It is, however, scarcely necessary to say, that both Captain Codrington and Mr. Newcombe, as was to be expected from their well-known kindly and gentlemanlike feeling, studiously endeavoured to make Mr. Grierson’s position with them as agreeable as possible, and a lasting friendship and regard for each other was the result.

On Mr. Newcombe’s appointment as General Goods Manager in 1856 over the whole of the Great Western system, and consequent removal to Paddington, Mr. Grierson was again put in charge of his old district, extended to Birmingham, with South Staffordshire added, and with offices at Wolverhampton. In the following year Mr. Newcombe returned to the Midland Railway, and Mr. Grierson succeeded him as the Great Western General Goods Manager, and went to Paddington, where he soon became a potential instrument in developing the resources of the vast district under his superintendence. Mr. Grierson was then only twenty-nine years old, but he had by this time made himself so thoroughly master of the company’s business, that his claim to the appointment did not admit of question. His value was so thoroughly appreciated that, on the retirement in 1863 of Mr. Charles A. Saunders from the office of secretary and general superintendent, Mr. Grierson was appointed to succeed him with the title of General Manager. And here, perhaps, a circumstance may be mentioned as illustrating the perfect unselfishness of his disposition. The late well-known Mr. A. C. Sheriff had been General Manager of the West Midland Railways for many years, and up to their becoming part of the Great Western system, and from his age and longer experience he might have been considered to be the best entitled to the position created on Mr. Saunders’s retirement. Before seeking it for himself, Mr. Grierson took care to ascertain from Mr. Sheriff what his wishes were in the matter, telling him at the same time that, if he were a candidate, he should at once decline the appointment, if it were offered to him; but would be very greatly pleased to work under Mr. Sheriff as second in command. It was not until Mr. Sheriff assured him he did not wish the appointment, that he considered Mr. Grierson to be the proper man for it, and that he should have his active support if required, that he accepted the promotion. That Mr. Sheriff judged rightly, no one could doubt who has watched the career of Mr. Grierson from the time of his appointment as General Goods Manager. Apart from his masterly powers of organization and administration, he had during these years, when the Great Western Company was engaged in important parliamentary conflicts for the protection and development of its system, rendered invaluable service to the company as a witness by his wide and accurate knowledge of details, by the soundness of his views on the general policy of the company as affecting both the public and itself, and by the clearness and force with which these views were expressed.

During this period also, the protracted negotiations with the West Midland and South Wales Railway Companies, which ended in their absorption into the Great Western system, were entirely conducted by him, with the cordial concurrence of Mr. Saunders and the sanction of the board. Again, the agreements with the London and North Western and the Midland Railway Companies, in consideration of which these companies withdrew their opposition to the amalgamation of the Great Western company with the South Wales railway companies, and which has ever since guided and controlled the relations between those companies and the Great Western, were not only negotiated by Mr. Grierson, but to a great extent reduced by his own hand to the form in which they now stand. The value of these agreements to all the three companies can scarcely be overstated, if only for the reason that they defined the conditions on which competition between them was to be carried on, and put an end to the ruinous cutting down of rates, by means of which railway companies used in those days to abstract traffic from each other. These agreements set the example of the establishment of joint committees of the companies, by which all questions, in which the Great Western and the North Western in the one case, and the Great Western and the Midland in the other, have a joint interest, are discussed and determined, and differences adjusted.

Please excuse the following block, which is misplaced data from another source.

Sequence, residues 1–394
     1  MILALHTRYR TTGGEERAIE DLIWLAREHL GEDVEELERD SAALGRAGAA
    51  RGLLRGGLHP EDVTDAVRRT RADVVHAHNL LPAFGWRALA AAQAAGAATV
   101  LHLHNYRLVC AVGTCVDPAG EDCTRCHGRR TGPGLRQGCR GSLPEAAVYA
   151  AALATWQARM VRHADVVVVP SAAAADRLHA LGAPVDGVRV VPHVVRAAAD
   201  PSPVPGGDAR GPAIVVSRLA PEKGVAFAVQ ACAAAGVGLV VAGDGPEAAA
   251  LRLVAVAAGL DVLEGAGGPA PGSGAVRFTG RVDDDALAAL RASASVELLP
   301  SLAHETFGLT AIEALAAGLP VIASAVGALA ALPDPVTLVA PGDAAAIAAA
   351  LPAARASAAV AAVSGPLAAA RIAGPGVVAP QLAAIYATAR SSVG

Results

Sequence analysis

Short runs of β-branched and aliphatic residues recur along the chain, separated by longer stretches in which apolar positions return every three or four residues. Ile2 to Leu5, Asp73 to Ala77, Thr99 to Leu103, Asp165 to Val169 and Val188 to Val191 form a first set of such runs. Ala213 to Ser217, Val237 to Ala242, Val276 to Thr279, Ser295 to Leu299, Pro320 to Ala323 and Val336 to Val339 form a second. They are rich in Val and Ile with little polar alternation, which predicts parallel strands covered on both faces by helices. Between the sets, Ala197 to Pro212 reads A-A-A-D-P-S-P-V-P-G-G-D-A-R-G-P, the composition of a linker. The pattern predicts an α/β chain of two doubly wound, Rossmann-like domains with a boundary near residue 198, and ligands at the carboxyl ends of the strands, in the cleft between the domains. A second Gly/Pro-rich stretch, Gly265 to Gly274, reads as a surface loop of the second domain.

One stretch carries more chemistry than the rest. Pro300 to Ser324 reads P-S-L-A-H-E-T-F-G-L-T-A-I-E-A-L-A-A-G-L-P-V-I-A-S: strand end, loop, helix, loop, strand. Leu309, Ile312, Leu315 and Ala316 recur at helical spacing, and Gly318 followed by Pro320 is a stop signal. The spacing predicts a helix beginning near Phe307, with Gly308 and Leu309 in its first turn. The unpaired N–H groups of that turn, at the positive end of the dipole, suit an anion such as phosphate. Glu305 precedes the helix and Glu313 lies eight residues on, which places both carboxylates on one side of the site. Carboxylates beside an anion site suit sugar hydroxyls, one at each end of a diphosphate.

From the hour of his appointment as General Manager, the whole of Mr. Grierson’s energies were directed to removing existing impediments to the prosperity of the Great Western system, and to the steady development of its resources. Numerous improvements were from time to time introduced in the working of the line, which eventually told by raising the company from financial embarrassment to its present commanding position. Perhaps the greatest of these improvements was the conversion from the broad to the narrow-gauge, except from Paddington to Bristol and the south-west of England, where the broad-gauge still continues, but with the narrow-gauge also. In this way the isolation of the Great Western, which had materially retarded its progress, was remedied, and it was brought into communication with all the narrow gauge railways of the kingdom. The rolling-stock, both of engines, carriages, and wagons, was greatly improved and largely increased, and for comfort and appearance will now compare creditably with that of any other railway in the kingdom.

Marked improvements were made in all the stations, most of them having been entirely rebuilt ; sidings at the goods stations, for the better accommodation of the goods traffic, and along the line were largely extended and remodelled, so as to prevent passenger and fast goods trains from being blocked by slower trains, thus ensuring more punctuality, and therefore greater safety, to the travelling public. Under his guidance the line became better equipped for the comfort and convenience of passengers, and was noted for the courtesy and attention of its servants, from guards and stationmasters down to porters.